It’s definitively not. The most basic reason is that flatpack and any absurd stuff
like them (snap, appimage, …) can’t run the base system. You can’t deploy a kernel
via flatpack, for instance.
The reasons big enterprises push for them, and certain FLOSS devs slavishly follow
not really understating why (sorry for such a bold statement, but that’s is, I call it the
sheep effect where people try to imitate “leaders”) is simple: they want the Microsoft
classic model where software distribution is controlled by vendors, not by the distro,
or in GNU/Linux/FLOSS case by a community. They want to been able to push crappy
obscenely developed crapware with a gazillion of outdated deps, full of vulnerabilities
and having it works ok-ish on all distros keeping the package under their control.
That’s is: there is NO SINGLE REASON to package “containers”. If, for safety we do want
isolation cgroups are there for it, firejail/bubblewrap/capsicum are already made and well
known implementation on top of them. Plan 9 namespace are (as many other parts of Plan
9) “the way to go”. Containers these days are like full-stack virtualization on x86 years ago:
a commercial push sold and believed to be future, the Right Way and after years of
wasted resources just to sell iron ditched as long as a new less crappy solution appear.
Honestly an OS must be like classic OSes (Xerox SmallTalk workstations, LispM etc),
witch means a single software where anything is a function accessible to the user that
can combine them as he/she want easily. We ditch this model ONLY for commercial
purposes, because sell such system means automatically sell open source software and
in turn empower users. This model prove to be a disaster in both technical terms (actual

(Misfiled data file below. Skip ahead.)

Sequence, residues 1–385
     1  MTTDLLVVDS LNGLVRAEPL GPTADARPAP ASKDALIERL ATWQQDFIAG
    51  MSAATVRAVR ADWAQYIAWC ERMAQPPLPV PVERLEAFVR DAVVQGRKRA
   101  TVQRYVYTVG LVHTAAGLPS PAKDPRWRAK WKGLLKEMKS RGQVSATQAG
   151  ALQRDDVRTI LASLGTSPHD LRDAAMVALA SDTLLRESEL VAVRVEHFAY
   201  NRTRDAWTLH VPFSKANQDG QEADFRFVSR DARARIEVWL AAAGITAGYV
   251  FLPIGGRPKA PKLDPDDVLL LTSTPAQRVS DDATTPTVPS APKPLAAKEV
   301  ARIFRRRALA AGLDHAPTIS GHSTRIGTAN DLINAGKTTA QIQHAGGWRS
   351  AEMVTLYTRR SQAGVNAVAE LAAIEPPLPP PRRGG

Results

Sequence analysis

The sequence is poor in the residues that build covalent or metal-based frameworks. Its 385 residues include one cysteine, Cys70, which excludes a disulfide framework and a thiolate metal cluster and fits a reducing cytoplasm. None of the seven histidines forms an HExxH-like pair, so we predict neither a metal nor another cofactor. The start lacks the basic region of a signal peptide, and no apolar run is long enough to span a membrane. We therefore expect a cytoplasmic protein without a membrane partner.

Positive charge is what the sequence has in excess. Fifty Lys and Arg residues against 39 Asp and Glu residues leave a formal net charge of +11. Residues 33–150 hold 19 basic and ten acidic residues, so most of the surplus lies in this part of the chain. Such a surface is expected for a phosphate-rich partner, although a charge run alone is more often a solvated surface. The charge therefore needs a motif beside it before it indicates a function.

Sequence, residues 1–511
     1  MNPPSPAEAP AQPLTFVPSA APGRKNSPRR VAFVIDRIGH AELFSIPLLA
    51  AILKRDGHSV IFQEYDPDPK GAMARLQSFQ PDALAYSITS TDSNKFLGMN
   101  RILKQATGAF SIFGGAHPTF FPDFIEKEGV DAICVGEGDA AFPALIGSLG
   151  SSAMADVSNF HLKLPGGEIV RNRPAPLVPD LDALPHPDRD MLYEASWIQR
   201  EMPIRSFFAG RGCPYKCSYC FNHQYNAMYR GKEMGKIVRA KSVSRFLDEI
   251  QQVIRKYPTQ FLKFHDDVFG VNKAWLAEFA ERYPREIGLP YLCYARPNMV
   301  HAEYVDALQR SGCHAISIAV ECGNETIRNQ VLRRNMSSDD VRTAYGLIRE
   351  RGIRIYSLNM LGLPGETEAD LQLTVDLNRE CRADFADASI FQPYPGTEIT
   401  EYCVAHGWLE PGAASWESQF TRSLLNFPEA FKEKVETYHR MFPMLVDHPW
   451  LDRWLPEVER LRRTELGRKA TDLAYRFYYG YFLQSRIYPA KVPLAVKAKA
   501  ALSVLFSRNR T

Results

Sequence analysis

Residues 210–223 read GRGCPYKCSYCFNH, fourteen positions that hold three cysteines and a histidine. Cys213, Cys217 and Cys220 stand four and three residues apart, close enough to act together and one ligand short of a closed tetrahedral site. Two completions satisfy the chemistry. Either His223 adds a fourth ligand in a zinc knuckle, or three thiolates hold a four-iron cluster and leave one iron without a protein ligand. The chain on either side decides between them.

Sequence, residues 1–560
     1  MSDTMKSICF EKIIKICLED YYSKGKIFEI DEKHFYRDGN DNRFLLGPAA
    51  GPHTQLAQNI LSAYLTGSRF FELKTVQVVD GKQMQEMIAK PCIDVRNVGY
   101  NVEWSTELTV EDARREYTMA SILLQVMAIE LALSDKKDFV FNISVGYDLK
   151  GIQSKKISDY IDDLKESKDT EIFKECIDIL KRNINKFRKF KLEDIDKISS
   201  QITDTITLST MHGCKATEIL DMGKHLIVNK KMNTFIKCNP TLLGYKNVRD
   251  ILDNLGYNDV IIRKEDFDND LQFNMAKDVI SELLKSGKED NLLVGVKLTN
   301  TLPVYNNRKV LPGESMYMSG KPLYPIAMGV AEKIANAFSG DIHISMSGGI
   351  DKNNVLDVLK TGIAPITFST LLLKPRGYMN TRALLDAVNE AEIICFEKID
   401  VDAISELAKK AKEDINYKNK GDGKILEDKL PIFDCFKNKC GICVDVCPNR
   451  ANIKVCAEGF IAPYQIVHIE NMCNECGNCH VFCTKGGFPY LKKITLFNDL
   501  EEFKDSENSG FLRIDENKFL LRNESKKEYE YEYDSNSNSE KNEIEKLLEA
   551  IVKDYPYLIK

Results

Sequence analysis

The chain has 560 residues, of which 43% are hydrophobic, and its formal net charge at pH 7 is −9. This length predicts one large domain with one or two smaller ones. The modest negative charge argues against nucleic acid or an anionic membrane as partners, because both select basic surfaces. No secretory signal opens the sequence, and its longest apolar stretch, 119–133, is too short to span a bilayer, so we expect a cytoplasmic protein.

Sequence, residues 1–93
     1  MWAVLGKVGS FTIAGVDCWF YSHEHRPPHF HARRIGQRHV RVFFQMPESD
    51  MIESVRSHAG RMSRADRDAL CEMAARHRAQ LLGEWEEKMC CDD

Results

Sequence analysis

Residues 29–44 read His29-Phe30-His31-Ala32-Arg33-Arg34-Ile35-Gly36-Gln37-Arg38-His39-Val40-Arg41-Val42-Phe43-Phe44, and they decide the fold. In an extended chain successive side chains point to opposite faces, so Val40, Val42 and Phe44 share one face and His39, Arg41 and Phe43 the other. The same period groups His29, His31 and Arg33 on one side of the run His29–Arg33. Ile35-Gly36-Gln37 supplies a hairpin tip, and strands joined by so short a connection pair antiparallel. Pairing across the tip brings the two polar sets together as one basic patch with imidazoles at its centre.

systems are mere bad copies of part of old systems, not joking) and social terms. With
the classic model there will be no place for GAFAM dominance, no place for always
ignorant users etc.
That’s is IMO…
Flatpacks generally are not designed for them right.
And developer need to write wrapper for them, while flatpack do that for you.
We ditched that model because it assumes every user is a programmer/sysadmin. Not merely technically expert but a fully fledged developer.
The old way of testing on every hundred of obscure distro, burdening software mantainers?
Flatpak to me as a power user is a way to encapsulate naughty applications into a place where they need to put genuine effort in to mess with the rest of my system. Flatpak is one of the well known wrappers around bubblewrap you mention, and the flatpak devs invest a lot back into that, while preparing it to function with X/Wayland. I know a few of the devs, mind you, so maybe I’m biased
This is useful when you run video games or such, whose devs you may not entirely trust. Anti-cheat and DRM tools are often much more invasive than they have any right to be, and see the recent vulnerabilities in Minecraft and Dark Souls 3 for how poorly that industry is currently prepared to handle CVEs, despite being backed by the likes of Microsoft - and that’s just the few that are known, few security research organizations care for investigating games. The number of privilege escalation bugs in Nintendo games may be an indicator.
It also provides permission management much like you have on android phones, and hopefully brings us into a future where we can use all these proprietary blobs without having to completely compromise privacy. Most of them already ship with a full stack of statically linked libs anyway.
Flatpak will likely never be a good format to package the more integrated system components ala editors and gnutils, but it is at least in concept better at handling the ever-growing stack of complex GUI applications - both to help developers test and distribute their software, as well as users protect their devices.
It may take some time for the sandboxing to be genuinely useful to users who don’t manage the permissions manually, but it’s heaps and bounds better than running stuff like steam raw on my OS.
It won’t replace distro packaging. That is still very much needed for system software. But it will hopefully make GUI applications more accessible and safe, and keep distros from having to package complex things like Chrome, Firefox and Steam (far too much effort is distributed across distros for those three packages).
It’s a shame there is so much hostility to the project. It’s a genuinely useful tool. Any perception of it as a threat to the traditional distro model, or even just a competitor, is very misplaced.